4

When two words are frequently used together people might start to hyphenate them, and then some time later they might start to concatenate them. It's a question of you having a feel for the usage and seeing which you are most comfortable using and with what audience, e.g. 'blogpost' with Tumbloggers and 'blog post' with your parents. But maybe that's your ...


0

All of these Latin abbreviations are used adverbially, so they should be followed by commas to mark them as such.


2

Some U.S. style guides recommend hyphenating a "more [adjective]" phrase when the writer's intention is to express more in its qualitative (rather than quantitative) sense. The first step in enforcing this distinction is to see whether the phrase without hyphenation could be read as using more in a quantitative sense. In the poster's example, the phrase ...


1

The hyphen is not appropriate. "More" in the sentence is functioning as an adverb which describes the word immediately following it, "realistic." If "more" were intended to describe the number of scenes, then it would function as an adjective. If it were an adjective, then it would need to be separated from the other adjectives preceding the noun by ...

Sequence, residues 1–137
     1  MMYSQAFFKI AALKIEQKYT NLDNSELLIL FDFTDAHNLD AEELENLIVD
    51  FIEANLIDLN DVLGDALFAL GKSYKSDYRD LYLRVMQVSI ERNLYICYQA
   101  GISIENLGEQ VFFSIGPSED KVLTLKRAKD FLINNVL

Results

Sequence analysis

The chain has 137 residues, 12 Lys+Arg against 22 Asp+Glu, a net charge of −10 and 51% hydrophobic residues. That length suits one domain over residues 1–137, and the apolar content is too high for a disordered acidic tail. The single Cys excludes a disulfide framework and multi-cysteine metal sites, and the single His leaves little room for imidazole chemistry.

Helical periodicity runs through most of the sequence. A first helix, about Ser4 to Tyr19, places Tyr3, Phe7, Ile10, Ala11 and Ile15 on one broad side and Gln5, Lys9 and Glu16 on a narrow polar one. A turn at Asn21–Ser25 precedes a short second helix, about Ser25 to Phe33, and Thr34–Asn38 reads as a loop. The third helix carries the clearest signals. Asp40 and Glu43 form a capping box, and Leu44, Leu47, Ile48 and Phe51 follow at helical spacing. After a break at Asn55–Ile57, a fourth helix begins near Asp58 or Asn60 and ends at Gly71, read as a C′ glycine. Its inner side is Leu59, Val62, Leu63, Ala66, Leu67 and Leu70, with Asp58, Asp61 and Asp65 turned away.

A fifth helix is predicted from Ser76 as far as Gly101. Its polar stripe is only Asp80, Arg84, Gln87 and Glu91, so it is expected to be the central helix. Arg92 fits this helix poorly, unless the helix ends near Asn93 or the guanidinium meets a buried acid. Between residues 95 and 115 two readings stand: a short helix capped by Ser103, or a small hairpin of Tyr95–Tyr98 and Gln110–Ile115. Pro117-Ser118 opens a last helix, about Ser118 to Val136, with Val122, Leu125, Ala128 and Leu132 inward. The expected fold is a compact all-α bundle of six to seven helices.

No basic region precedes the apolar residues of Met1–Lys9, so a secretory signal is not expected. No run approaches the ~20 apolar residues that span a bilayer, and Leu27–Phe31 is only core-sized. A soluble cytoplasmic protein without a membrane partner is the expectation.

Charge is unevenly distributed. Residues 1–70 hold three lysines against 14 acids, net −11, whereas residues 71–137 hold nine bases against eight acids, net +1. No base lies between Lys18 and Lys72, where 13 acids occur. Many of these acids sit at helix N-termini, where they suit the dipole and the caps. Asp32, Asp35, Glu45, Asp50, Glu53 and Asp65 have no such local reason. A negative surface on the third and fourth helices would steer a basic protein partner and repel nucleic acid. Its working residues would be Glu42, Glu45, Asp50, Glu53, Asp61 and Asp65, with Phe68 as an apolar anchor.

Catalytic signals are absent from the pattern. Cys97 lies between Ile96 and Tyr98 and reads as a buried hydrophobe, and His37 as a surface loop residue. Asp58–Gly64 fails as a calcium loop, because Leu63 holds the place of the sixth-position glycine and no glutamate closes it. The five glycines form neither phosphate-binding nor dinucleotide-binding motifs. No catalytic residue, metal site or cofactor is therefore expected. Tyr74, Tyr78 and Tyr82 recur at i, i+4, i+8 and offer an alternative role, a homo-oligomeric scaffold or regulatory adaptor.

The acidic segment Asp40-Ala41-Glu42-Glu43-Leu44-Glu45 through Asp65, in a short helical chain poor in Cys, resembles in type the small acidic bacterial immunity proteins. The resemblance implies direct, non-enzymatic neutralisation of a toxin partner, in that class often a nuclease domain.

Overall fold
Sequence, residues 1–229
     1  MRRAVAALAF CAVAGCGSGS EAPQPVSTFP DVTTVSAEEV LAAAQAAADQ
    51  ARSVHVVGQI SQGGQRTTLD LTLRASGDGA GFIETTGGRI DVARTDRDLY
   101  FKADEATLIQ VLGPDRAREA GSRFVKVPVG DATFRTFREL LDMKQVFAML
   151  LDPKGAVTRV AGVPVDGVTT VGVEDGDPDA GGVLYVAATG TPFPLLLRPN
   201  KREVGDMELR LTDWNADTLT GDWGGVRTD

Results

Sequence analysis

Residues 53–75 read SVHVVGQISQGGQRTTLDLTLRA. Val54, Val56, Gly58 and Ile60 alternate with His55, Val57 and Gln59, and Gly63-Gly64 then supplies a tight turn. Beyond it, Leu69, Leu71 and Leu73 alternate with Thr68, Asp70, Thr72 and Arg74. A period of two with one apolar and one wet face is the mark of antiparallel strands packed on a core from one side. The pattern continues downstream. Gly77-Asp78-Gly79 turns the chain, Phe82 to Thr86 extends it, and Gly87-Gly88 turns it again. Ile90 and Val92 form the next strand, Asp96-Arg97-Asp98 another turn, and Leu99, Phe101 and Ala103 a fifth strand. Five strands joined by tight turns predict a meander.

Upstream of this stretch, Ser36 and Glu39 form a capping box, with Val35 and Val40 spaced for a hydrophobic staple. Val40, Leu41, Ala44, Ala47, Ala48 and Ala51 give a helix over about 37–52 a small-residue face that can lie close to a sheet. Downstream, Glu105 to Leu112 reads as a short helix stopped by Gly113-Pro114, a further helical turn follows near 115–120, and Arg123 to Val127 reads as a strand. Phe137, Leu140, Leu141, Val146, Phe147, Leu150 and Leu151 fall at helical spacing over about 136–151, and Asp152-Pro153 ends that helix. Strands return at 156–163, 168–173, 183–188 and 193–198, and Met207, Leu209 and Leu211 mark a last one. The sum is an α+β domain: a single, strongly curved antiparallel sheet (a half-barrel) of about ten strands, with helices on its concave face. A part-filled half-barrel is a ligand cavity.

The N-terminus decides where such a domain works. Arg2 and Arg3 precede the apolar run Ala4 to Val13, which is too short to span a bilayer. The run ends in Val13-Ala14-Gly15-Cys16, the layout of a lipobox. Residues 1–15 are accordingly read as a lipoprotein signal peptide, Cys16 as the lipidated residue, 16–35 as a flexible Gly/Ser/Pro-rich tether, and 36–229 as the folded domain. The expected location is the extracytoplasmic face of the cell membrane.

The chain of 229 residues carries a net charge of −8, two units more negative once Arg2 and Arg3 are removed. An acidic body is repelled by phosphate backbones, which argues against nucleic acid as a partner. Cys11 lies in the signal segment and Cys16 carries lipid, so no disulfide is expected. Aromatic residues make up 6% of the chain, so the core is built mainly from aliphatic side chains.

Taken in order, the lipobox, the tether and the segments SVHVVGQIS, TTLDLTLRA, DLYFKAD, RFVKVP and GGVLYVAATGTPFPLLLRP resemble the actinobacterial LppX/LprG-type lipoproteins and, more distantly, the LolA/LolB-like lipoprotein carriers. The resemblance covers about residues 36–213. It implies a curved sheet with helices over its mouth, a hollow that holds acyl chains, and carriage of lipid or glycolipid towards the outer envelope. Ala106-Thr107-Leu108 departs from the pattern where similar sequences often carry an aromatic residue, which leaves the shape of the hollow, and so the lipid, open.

1

I don't think hyphenation of more and realistic would be as much a solution as putting a comma or and between the two if you want more to modify scenes. Viewers can watch more, (or and) realistic 3D scenes and interact... There could ambiguity in your sentence where more could be seen modifying either realistic or scenes if you don't pay close ...


1

"viewers can watch a more realistic 3D scene and interact..." "a more realistic" –Google, +20 million hits


3

References to dates are prevalent in computing. Besides building date validations in code, the working of a date field must be correctly referenced in system messages. It is always better to use descriptive statements (earlier/later) rather than quantifying it (lower/higher). Use later to indicate that event is happening subsequent to a reference date (date ...


0